You can decide, but you're very lucky if anyone takes any notice. Mostly the larger community ignores you and forms its own consensus through usage and repetition. If the result doesn't happen to match what you wanted - tough.

      I'm afraid that's how language works, Mr Wilhite - if the world says "ghif", "ghif" it is. Your opinion simply doesn't count.

    2. Anonymous Coward
      Anonymous Coward

      Re: It's Pronounced Pittsburra, Pennsylvania

      What about "Hen3ry"? I seem to recall Mr. Lehrer saying that the "3" was silent.

  39. Anonymous Coward
    Anonymous Coward

    No Eadon?

    Let me help with this animated Windows jif:

  40. chiller

    My "what a dick" detector went off the scale when I read this article.

  41. J.G.Harston Silver badge

    Jaffics Interchange Format?

    1. VinceH

      Now that just made me think of Jaffa Cakes.

      There's probably a good joke to be made out of the idea of a Jaffa-cake Interchange Format, but I've no idea what it is. Although it probably has a smashing orangey bit in the middle.

      1. M Gale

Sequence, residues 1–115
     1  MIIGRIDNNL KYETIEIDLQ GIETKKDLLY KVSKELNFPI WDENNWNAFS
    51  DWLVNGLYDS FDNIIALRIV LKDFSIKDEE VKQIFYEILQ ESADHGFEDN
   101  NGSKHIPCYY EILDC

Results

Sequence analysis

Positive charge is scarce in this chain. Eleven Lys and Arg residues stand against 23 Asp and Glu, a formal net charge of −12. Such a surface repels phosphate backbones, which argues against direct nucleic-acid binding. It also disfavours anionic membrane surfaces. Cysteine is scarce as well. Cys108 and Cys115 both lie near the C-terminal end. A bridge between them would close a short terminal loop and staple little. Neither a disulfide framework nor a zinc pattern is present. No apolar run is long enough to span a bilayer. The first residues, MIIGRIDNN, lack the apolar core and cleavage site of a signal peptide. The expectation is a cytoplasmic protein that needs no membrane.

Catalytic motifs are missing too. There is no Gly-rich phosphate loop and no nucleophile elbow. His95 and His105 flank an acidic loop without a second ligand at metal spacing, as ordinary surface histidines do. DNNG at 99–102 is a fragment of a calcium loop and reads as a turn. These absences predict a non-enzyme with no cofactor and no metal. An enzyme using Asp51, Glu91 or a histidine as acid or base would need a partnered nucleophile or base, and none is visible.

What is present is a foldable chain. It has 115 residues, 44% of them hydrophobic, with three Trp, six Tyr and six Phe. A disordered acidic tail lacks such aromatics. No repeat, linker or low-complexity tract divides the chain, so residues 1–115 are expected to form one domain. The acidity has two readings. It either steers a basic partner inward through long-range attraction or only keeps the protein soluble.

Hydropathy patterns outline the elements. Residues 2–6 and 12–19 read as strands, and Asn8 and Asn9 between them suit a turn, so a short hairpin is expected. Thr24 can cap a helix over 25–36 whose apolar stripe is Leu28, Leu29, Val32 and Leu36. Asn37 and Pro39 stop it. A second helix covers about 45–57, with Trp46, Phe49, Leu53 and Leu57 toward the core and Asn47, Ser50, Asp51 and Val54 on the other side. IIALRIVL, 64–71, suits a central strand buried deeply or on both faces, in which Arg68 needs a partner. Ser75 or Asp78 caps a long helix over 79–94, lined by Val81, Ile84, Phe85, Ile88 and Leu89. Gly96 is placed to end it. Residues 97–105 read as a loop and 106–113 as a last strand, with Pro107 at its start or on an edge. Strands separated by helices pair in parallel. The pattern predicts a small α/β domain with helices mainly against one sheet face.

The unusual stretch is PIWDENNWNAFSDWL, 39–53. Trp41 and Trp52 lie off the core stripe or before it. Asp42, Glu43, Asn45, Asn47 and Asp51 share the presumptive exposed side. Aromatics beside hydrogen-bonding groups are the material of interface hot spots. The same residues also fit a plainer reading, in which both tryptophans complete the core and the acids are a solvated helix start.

Jaffa-cake Interchange Format

        I'm sure that's a long rectangular prism shape. Usually made out of cardboard.

        There's an extension to the format that allows the transfer of up to a yard of jaffa cakes at once, but it's usually only available around Christmas and Easter.

      2. Anonymous Coward
        Anonymous Coward

        "Jaffa-cake Interchange Format"

        Teal'c is not amused.

  42. Sargs

    And we were supposed to pronounce SCSI as "Sexy"

    ... but that didn't happen either.

  43. Anonymous Coward

    However, due to pronunciation problems...

    They're changing the extension to .cif soon.

    Mine's the raincoat.

  44. Lee D

    It's a GIF, with a "ger". Anything else is just breaking the most used rules of English.










    I'm hard pressed to think of an English word beginning with "gi" that is pronounced "ji". About the only one I can find is "gibbet" or "ginger", which seem to have come either from French, or which aren't consistent with their etymological pronunciations / spellings of old. 99% of the time, it's "ger".